I'm still unclear as to what to do. I doubt people, that I don't know would be willing to give me permission to make fun of their decorations - and in fact, there are probably some that would consider my idea sacreligous, but it's really just another comedy. Therefore, I'm not sure how honored the homeowners would be.

That is one reason I wondered if I shot this in a way that the decorations were visible, tied into the comments, but the house was not really indentifiable, would I be relatively safe?

It's all speculation right now, but if I do this, I need to do it in two weeks or so, or I don't have any decorations to shoot!

The verdict (based on responses) is 3 to 3. I'll assume RKS' response is correct since he quoted law (or made it up to sound good), unless someone can tell me otherwise.

This may be a moot issue anyway, as if I shoot it, I still have to edit, make it into something. Then if it never gets accepted to festival, and no one sees it, who cares, anyway!?!?

Thanks again for the help.
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Old December 9th, 2002, 10:44 PM   #10
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Well, your probably up a creek legally. Ridiculing, or subjecting ones personal property and the owner to embarrassment would make you liable. If it is the least bit of a recognizable image, your in trouble. If the owner was a public figure or the property was public property, you might get by calling it satire. But as you describe it, I think you're at risk.

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Old December 9th, 2002, 11:50 PM   #11
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"Ridiculing, or subjecting ones personal property and the owner to embarrassment would make you liable."

Are you sure about this, Jeff? Can ridicule really be considered libel? I think a lawyer would have a hard time convincing a jury of anguish, distress, loss of earnings, etc. because of a movie making fun of publicly displayed holiday ornamentation. I thought making fun of our neighbors is our Constitution-given right--First Amendment, baby.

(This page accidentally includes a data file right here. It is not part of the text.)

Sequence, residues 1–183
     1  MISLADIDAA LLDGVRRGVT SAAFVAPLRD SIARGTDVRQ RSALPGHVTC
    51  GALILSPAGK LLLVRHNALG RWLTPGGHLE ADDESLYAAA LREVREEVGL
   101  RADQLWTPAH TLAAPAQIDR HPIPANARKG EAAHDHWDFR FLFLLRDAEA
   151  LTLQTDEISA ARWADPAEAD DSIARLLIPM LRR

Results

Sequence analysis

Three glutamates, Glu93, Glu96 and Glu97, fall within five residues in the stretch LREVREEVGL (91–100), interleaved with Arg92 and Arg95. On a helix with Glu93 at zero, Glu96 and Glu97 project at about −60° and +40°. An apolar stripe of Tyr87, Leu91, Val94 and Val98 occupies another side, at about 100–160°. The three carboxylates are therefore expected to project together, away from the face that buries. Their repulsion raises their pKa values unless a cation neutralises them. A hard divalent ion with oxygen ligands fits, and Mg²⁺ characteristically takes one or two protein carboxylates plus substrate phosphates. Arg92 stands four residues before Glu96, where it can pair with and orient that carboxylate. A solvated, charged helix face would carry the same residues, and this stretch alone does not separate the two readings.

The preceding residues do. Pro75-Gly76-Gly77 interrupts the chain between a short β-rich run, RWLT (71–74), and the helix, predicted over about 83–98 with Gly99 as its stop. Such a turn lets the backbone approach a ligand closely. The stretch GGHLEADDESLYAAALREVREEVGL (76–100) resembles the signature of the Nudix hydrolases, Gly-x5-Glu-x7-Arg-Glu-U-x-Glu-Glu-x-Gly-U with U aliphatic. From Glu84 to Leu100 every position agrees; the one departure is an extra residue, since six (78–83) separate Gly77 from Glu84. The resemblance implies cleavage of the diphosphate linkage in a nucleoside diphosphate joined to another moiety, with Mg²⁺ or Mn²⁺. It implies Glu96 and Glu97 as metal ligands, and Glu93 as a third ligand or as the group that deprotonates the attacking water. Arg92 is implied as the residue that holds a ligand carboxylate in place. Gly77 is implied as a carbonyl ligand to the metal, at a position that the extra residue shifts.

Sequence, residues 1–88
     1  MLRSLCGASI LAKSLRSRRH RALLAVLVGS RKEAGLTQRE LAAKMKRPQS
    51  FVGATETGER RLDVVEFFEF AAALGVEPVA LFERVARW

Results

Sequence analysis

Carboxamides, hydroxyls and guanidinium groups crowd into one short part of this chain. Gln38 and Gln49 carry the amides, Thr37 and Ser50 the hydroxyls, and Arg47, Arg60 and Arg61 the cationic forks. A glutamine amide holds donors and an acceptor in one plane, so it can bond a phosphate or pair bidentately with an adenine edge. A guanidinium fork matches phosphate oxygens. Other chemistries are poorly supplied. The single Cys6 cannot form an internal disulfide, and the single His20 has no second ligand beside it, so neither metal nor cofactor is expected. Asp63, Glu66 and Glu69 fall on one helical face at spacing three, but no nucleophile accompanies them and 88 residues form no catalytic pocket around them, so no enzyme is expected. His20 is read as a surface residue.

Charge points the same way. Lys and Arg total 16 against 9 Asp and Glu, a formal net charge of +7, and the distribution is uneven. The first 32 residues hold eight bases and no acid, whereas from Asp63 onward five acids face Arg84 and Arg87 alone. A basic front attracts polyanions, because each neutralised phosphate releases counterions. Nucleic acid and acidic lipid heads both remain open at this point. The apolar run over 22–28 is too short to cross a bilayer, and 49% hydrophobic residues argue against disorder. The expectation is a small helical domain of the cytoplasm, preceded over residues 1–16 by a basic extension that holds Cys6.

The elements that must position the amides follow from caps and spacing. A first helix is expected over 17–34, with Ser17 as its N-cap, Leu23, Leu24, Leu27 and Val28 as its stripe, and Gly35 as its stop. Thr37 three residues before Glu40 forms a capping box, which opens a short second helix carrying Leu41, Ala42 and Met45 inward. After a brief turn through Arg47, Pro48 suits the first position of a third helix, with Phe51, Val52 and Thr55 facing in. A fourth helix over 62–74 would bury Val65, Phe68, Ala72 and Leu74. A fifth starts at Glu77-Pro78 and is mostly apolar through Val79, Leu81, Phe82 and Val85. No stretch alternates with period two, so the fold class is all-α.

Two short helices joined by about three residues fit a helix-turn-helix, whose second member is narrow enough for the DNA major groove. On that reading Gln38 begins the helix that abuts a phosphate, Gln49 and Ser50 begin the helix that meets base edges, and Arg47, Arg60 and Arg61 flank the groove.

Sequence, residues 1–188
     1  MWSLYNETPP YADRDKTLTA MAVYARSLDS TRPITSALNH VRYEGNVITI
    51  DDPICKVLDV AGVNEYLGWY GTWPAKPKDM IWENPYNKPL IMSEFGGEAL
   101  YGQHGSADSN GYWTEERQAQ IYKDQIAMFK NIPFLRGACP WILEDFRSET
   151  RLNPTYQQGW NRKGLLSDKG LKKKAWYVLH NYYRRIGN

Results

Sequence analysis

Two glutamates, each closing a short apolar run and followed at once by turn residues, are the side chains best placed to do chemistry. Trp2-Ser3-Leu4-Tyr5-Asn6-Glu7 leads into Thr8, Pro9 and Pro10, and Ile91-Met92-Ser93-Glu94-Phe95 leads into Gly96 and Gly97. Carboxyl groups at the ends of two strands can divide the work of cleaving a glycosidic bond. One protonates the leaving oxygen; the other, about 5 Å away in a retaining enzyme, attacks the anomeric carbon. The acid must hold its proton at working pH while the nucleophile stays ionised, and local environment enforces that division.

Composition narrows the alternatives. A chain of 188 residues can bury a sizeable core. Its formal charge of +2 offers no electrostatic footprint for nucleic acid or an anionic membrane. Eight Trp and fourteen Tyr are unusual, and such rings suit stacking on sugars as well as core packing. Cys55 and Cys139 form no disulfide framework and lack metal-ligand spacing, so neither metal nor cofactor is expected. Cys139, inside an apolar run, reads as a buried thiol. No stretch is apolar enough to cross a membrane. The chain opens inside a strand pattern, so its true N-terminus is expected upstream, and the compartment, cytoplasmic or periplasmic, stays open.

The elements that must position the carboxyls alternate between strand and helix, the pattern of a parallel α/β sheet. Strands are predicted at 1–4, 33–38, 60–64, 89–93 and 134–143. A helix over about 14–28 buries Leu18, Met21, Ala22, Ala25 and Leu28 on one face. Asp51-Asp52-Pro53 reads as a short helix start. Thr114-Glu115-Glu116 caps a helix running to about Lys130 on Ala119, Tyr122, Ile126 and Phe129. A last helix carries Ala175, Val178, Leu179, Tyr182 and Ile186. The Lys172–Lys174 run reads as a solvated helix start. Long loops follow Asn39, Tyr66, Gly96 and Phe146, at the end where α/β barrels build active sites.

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Old December 10th, 2002, 06:22 AM   #12
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Well let's remember that we are talking a film that might never see the light of day. But, if it did, and viewers could recognize the house, I believe there could be a case, depending on what was said. But basically what you have is slander. Someones spoken words (recorded on tape) that defame you and your property. It could cause a loss of property value and subject you (the owner) to public ridicule. This is now a matter for lawyers, which I am not. I also do not give legal advise.

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Old December 10th, 2002, 07:58 AM   #13
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Again, thanks for the input. You're right - this may not see the light of day - mainly an exercise for me and practice, but it could have some funny lines and if everything fell into place, might make a decent little short. However, it was never my intention to hold anyone to public ridicule - that's why I asked the questions in the manner I did. Besides, it's not so much the house that would be the target of the script, but the decoration(s) themselves (and ultimately the actor is the target of his own abuse - taking it out on the decorations).

I know a criminal defense attorney and I will email him and see if he can answer this question. If he has an opinion, I'll forward it here.

All in all, I may still do it. If I can shoot the images I 'have in mind' to match the lines I have written, without anyone being able to say - "Hey, that's Bob's house he's talking about", then I will. If not, then at least I've learned something!

On the other hand - as a separate project - it might make a nice little documentary short to find a few houses in the area that decorate 'to the nines', do a little interview, find out why, how long, etc., and get some holiday footage. Could be interesting . . . or not! Then I would not mind obtaining releases and could probably easily get them.

Might be able to sell/give it to local news or something. If not money, then at least exposure!
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Old December 10th, 2002, 08:44 AM   #14
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If one decorates one's house for Christmas one intends for it to be seen by the public and the public includes people taking pictures or videos. Why else would one decorate one's lawn except to be seen? There is no expectation of privacy here that any judge is going to spend more than a second thinking about. The homeowner is extending the invitation to look.

On the slander/libel issue. If I understand what's planned, Mark is planning pretend slander as part of a dramatic work. That's not real slander and no one would think so and clearly it's no part of his intent (which is the part of the burden of proof for slander and is very hard to prove even when it's real). Artistic expression is protected speech under most circumstances.

Now there might be a copyright issue re the design or arrangement of the decorations in the yard, but then the homeowner would have to go down to Wal-Mart and get one of those new light rope copyright symbol decoration kits to put in his yard were he to have a case . . . ;)
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Old December 10th, 2002, 08:48 AM   #15
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If you want to call it art (decorating the house) then it is copyrighted when it is created and it would be a violation to copy it without the owners permission. He is inviting you to look but not copy or reproduce. My advice is don't make it recognizable.

Jeff